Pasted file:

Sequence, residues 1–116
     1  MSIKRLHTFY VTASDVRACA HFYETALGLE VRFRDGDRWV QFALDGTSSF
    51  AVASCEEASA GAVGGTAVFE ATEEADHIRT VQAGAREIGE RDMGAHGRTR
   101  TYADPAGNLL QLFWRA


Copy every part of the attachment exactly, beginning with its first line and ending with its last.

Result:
Sequence, residues 1–116
     1  MSIKRLHTFY VTASDVRACA HFYETALGLE VRFRDGDRWV QFALDGTSSF
    51  AVASCEEASA GAVGGTAVFE ATEEADHIRT VQAGAREIGE RDMGAHGRTR
   101  TYADPAGNLL QLFWRA